Dr. Marie: Straight Talk About Aphrodisiacs

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  • People have been searching for libido enhancers ever since ancient times, but most methods have turned out to be bogus. There's no evidence that the ancient Chinese practice of swallowing ground rhinoceros horns improved sexual prowess. More recently, the hype about bottled pheromones -- the odorless secret to many animals' attraction -- proved unfounded.

    Even so, Marie Savard, M.D., Medical Contributor to "Good Morning America" and the author most recently of "Ask Dr. Marie," says that some purported aphrodisiacs do indeed heighten desire. Yet she maintains there is only one surefire way to boost the flagging sex drive that so often plagues women during and after menopause. We're saving that tip for last – but if you can't resist skipping ahead to find out what it is, we forgive you!
  • Yes, We'll Have Some Bananas! Popular wisdom has it that the yellow fruit gets women all excited because it resembles the male organ. Sounds to us like a guy thought that one up. But Dr. Marie says bananas are rich in potassium and B vitamins, nutrients we all need in order to produce sex hormones. So enjoying the peel-and-eat treat may in fact turn you on!
  • The World Is Your Oyster OK, gentlemen, it's your turn: Legend has it that oysters will up your interest because they resemble a vagina. The ancient Romans prized the oyster as an aphrodisiac, and Casanova, the infamous womanizer, purportedly ate 50 raw oysters for breakfast every morning. That's extreme, but he may have been on to something. Dr. Marie says oysters contain high levels of zinc, a key mineral in sperm production. They also have certain acids that have been shown to increase testosterone levels in rats. And ladies, just the idea that oysters are sexy can telegraph your intentions if you serve them as an appetizer for a dinner à deux!
  • Chocolate, the Classic Lover's Gift Chocolate doesn't affect your sex drive but it does have a lot of serotonin, the feel-good hormone. Simply by making you happy, the traditional gift of lovers may in turn give you, ahem, ideas. Oh, and dark chocolate has now been shown to lower your blood pressure. You have our permission to pop some bon bons guilt free and decide for yourself whether they make a difference in the romance department.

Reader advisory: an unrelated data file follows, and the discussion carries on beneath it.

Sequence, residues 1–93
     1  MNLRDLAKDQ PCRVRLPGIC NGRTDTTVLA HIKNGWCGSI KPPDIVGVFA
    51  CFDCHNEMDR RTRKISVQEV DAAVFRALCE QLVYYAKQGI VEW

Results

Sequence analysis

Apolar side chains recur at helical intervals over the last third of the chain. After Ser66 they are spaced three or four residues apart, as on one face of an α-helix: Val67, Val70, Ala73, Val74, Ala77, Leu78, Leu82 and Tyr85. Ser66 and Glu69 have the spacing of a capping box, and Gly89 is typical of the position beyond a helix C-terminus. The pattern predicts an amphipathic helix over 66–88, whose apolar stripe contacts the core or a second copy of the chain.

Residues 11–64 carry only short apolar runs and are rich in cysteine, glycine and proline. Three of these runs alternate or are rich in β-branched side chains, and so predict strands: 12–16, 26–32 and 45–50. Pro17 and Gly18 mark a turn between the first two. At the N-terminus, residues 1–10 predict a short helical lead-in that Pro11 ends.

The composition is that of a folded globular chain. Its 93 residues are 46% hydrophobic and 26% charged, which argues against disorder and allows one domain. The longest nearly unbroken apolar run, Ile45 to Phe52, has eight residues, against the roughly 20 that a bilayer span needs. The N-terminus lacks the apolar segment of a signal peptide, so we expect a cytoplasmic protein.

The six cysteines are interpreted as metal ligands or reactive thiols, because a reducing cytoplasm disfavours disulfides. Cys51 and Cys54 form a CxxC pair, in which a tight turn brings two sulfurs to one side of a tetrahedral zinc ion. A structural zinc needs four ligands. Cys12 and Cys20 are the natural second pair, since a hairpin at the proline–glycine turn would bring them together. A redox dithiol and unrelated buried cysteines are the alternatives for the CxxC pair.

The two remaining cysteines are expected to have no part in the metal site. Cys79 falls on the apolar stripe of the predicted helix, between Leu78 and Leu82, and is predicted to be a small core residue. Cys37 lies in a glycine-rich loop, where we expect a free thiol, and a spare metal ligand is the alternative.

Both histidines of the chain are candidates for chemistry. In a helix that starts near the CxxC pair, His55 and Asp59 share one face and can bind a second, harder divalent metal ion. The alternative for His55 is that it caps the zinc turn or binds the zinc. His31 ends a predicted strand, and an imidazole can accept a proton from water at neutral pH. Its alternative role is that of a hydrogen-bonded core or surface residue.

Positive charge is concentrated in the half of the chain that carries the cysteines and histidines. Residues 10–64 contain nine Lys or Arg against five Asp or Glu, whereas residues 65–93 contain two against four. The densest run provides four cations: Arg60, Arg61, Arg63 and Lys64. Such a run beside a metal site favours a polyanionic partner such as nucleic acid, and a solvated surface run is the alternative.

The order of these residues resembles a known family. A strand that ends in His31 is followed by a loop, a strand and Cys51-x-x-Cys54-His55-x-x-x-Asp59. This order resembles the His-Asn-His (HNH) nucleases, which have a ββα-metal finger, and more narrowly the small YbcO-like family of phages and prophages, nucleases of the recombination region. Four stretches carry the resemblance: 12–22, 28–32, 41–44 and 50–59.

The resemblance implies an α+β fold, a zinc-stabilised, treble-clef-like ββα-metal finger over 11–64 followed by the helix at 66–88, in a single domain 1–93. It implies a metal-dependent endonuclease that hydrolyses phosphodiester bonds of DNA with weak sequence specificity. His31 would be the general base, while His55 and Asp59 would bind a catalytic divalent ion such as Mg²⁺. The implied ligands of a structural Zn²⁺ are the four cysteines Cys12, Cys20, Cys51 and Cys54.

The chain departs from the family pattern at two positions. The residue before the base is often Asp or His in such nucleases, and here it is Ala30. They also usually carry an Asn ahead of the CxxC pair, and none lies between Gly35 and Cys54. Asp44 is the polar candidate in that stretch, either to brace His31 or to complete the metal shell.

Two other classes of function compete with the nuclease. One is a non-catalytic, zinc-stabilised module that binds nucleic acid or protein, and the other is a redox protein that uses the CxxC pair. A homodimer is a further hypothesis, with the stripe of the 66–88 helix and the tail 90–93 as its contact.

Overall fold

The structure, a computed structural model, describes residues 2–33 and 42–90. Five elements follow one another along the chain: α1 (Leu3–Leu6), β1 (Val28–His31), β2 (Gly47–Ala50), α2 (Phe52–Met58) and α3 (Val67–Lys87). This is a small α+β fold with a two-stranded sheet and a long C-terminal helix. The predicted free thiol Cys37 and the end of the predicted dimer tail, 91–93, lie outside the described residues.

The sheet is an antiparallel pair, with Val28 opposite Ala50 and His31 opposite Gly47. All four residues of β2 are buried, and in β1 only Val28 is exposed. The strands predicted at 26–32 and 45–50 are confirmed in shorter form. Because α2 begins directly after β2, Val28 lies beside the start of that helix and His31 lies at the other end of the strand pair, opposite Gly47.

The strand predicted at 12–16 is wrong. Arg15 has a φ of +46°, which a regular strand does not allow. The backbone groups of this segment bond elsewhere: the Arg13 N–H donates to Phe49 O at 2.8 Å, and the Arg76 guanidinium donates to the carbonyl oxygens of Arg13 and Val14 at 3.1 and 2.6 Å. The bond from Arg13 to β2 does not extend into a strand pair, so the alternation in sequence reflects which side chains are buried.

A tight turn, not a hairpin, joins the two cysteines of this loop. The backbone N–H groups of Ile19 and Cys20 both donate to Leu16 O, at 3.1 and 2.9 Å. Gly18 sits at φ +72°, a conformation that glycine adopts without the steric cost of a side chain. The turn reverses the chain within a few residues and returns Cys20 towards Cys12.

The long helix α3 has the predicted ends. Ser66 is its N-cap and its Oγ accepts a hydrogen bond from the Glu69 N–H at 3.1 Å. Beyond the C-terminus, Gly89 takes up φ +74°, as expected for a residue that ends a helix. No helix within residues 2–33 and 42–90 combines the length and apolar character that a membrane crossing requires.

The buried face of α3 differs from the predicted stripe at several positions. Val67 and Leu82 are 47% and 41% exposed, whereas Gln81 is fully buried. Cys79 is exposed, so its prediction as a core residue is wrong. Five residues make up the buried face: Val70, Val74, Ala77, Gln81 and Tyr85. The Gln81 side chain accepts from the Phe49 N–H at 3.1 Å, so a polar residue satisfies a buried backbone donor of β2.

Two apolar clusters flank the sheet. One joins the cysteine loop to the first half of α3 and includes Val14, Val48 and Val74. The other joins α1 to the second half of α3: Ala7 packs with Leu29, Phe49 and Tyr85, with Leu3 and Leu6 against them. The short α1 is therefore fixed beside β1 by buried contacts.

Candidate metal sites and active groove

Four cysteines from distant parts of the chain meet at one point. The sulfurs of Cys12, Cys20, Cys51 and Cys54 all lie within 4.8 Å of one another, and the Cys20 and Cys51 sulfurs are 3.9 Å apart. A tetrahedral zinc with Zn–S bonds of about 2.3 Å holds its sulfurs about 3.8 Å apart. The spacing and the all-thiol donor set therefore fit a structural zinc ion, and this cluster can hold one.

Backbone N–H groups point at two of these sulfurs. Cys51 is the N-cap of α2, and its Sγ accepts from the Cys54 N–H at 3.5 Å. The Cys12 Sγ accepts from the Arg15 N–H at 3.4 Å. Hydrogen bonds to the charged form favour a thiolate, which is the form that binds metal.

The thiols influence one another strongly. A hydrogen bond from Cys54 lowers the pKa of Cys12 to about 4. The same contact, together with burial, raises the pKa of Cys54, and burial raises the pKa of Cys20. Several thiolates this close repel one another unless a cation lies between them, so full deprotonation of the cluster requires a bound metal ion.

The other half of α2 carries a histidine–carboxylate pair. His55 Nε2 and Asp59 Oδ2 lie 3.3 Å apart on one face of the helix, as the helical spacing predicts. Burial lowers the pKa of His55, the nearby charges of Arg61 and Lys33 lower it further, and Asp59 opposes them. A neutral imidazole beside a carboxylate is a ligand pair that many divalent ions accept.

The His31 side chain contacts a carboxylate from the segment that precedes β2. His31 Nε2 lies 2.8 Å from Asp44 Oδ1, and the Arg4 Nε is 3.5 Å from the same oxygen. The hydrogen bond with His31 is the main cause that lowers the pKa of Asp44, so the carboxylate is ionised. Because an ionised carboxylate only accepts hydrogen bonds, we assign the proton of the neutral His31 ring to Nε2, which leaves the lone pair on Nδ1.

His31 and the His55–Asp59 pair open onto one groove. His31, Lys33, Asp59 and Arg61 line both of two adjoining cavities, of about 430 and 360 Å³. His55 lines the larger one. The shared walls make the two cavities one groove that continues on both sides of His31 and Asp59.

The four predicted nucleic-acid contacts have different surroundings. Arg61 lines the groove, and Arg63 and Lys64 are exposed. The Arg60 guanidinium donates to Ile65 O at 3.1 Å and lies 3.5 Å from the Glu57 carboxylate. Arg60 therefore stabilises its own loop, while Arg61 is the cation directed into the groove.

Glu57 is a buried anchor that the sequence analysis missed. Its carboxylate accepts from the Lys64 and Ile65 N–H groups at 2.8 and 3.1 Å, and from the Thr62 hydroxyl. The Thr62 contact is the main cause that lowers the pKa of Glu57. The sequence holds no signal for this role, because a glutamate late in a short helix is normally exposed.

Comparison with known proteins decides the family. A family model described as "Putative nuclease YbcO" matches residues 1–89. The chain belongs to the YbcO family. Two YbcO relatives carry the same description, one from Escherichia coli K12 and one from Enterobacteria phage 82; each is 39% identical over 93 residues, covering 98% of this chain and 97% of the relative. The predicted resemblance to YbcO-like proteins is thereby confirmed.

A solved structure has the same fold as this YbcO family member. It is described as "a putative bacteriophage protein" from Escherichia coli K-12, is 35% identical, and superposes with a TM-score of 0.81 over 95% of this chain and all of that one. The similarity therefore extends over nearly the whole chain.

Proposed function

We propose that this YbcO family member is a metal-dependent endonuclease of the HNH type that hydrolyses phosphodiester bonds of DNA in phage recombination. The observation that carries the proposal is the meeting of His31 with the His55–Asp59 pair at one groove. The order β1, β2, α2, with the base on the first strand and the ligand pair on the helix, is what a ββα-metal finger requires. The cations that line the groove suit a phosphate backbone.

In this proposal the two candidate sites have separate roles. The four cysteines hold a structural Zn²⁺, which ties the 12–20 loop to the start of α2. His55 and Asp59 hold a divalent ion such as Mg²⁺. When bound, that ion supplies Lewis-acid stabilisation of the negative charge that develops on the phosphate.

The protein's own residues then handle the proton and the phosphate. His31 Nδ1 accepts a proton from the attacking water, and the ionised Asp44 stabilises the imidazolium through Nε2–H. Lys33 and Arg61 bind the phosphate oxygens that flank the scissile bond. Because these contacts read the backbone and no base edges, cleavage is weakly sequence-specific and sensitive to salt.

• Nothing Fishy About This Claim! Fish oil is a rich source of omega-3s that have all sorts of good effects on your body – and a healthy body is by definition sexier. Dr. Marie says she takes two to four fish oil capsules daily – but she and her husband also augment their mood in the hot tub!
  • The Little Blue Pill What about Viagra? It engorges the penis with blood, but an erection won't happen unless a man was feeling amorous in the first place. However, a recent study of women who had reduced libido after taking antidepressants showed that the participants felt more interested in sex when they took Viagra. On a less encouraging note, the once highly touted "female Viagra," Filbanserin, fizzled in all the trials.
  • A Dose of the Guy Hormone Will Get You There Here's the secret we promised you Dr. Marie would share: The only true aphrodisiac for women is the male hormone testosterone. Our adrenal glands and ovaries naturally produce it until menopause but then the levels plummet. For some women, the drop is precipitous. If you've lost interest in sex, this could be the reason. Testosterone patches are Dr. Marie's preferred delivery method since the meds bypass your liver, but the FDA has yet to approve the patches for women. The only option is a combination of oral estrogen and oral testosterone. Dr. Marie says it's better than nothing if you and your doctor agree that you need the hormone to get you back in the game.

    Do you think that aphrodisiacs work?

    Please, though, come back to learn about Dr. Marie's other prescriptions for getting in the mood.